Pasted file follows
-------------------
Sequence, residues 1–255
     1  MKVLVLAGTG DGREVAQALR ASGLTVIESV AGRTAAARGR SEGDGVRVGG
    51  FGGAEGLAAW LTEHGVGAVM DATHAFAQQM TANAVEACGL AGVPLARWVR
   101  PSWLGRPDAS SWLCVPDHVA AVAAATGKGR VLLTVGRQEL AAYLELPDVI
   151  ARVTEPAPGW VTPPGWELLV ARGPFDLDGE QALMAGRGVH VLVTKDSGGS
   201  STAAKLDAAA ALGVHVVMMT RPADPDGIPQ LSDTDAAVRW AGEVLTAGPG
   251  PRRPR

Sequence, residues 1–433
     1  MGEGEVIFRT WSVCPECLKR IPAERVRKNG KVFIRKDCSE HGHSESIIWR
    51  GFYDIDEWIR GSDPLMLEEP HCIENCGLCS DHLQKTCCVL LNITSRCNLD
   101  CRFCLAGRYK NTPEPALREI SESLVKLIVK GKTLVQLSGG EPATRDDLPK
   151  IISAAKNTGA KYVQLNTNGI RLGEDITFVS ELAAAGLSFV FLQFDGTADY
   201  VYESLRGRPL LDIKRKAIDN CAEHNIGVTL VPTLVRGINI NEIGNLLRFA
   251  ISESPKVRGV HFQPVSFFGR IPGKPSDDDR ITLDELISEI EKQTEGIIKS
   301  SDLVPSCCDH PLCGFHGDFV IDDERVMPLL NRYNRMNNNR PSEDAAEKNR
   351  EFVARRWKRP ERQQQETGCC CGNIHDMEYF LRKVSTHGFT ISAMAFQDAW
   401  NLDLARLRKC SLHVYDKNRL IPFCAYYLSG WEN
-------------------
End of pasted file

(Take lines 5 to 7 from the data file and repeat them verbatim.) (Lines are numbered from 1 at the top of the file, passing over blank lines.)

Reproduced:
   151  ARVTEPAPGW VTPPGWELLV ARGPFDLDGE QALMAGRGVH VLVTKDSGGS
   201  STAAKLDAAA ALGVHVVMMT RPADPDGIPQ LSDTDAAVRW AGEVLTAGPG
   251  PRRPR